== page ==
Thunder Bay–Area residents opposed to the deregulation of electricity say the local Thunder Bay economy will suffer unless the provincial government pulls the plug on market competition for hydro. Community organizers are gearing up to short circuit the sell-off of public electricity and are encouraging Thunder Bay residents to attend a public forum detailing the hazards of electricity reform in Thunder Bay on Saturday, April 06, 7 p.m. to 9 p.m. at St. Pauls United Church, 349 Waverly Street, Lunan Hall.
The Ontario Electricity Coalition (OEC), a province-wide, grassroots group opposed to electricity deregulation and privatization, has organized the local forum, one of many scheduled across the province detailing the facts about electricity reform and encouraging community actions to halt the hydro sell-off.
“What we’re doing is telling the real story and debunking the Ontario government’s $2.3 million in advertising spin selling electricity competition as good for consumers. The reality is, that regardless of where deregulation and privatization of electricity has been implemented, the competitive market experiment for hydro has meant higher rates and unreliable service.
“In the United States, where deregulation has proved a huge economic blunder, 22 states are now re-regulating the industry,” says Paul Kahnert with the OEC.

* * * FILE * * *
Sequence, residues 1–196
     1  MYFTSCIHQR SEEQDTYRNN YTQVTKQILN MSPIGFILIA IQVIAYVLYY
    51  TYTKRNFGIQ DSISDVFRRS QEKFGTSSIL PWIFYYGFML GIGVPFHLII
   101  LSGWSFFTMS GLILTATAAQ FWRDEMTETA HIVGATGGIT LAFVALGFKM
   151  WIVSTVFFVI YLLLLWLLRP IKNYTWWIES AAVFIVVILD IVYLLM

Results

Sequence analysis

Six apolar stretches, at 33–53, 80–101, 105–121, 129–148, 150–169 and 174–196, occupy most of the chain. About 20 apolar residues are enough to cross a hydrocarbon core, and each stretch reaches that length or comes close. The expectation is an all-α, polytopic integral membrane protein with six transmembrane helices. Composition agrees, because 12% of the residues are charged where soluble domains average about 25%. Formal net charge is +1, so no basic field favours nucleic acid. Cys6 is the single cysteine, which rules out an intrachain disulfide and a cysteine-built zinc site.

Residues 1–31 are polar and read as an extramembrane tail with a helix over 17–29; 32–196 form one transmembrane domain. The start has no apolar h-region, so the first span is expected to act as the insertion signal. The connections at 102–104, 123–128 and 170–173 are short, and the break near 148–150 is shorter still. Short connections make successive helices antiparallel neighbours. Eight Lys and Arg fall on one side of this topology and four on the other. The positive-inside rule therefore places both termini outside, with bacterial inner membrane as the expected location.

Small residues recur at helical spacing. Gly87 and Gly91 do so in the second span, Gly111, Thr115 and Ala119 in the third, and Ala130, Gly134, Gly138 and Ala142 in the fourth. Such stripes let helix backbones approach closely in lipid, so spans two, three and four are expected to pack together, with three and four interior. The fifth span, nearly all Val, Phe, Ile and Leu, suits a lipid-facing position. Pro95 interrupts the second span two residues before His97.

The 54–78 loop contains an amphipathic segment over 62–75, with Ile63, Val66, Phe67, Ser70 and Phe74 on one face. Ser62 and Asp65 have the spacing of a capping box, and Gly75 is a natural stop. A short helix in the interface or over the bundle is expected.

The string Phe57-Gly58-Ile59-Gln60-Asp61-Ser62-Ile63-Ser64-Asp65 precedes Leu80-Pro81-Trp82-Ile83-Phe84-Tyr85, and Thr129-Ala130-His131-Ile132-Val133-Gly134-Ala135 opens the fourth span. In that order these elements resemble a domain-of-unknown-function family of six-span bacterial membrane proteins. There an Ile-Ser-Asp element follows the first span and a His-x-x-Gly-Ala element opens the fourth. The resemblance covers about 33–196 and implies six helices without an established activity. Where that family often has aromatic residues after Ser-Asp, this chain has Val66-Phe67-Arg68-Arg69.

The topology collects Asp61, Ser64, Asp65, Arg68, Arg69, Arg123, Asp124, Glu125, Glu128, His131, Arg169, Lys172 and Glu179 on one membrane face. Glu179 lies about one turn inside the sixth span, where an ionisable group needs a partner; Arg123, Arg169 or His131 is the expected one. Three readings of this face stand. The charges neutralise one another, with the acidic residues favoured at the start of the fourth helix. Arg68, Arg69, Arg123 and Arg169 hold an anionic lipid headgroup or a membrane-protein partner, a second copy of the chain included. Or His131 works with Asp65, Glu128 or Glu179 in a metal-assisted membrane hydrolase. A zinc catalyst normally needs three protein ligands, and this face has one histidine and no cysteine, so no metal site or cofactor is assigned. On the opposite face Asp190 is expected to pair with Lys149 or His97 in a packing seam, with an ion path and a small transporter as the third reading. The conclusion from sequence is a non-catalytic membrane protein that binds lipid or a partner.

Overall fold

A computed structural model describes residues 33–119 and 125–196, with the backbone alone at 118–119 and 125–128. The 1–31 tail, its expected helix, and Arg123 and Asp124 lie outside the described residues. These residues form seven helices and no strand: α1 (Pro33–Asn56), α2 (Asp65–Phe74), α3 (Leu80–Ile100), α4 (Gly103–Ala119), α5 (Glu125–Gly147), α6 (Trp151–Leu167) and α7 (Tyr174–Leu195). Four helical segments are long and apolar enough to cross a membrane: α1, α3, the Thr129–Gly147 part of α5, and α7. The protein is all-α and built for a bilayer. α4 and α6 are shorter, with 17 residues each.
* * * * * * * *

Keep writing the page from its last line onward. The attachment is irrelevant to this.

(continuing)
In Alberta, the cost of deregulation to residents and local businesses is estimated at over $8 billion. Despite the dismal experiences of other jurisdictions, the Ontario Tory government plans to forge ahead with opening the electricity market to competition on May 1 and the outright sell-off of Hydro One.
Experts are also warning that international trade rules will prevent the Ontario government from protecting users from soaring electricity prices and ensuring the province has enough power once the market is deregulated and electricity is sold in the U.S. market.
“There are many local residents who understand that forcing competition in the electricity sector will not only mean higher rates for residential customers but will hurt local industries. This has been the experience elsewhere and won’t be any different here. We can fight deregulation and win. It’s not a done deal and everyone in the Thunder Bay community must tell their local MPP to stop the hydro sell-off,” says Kahnert.
- Paul Kahnert will be in Thunder Bay and available for interviews on Friday April 5, 2002.
To find out more about the Ontario Electricity Coalition visit their website at electricitycoalition.org.
For more information please contact:
Paul Kahnert, Ontario Electricity Coalition
Evelina Pan, (807) 345-2621
Stella Yeadon, OEC Communications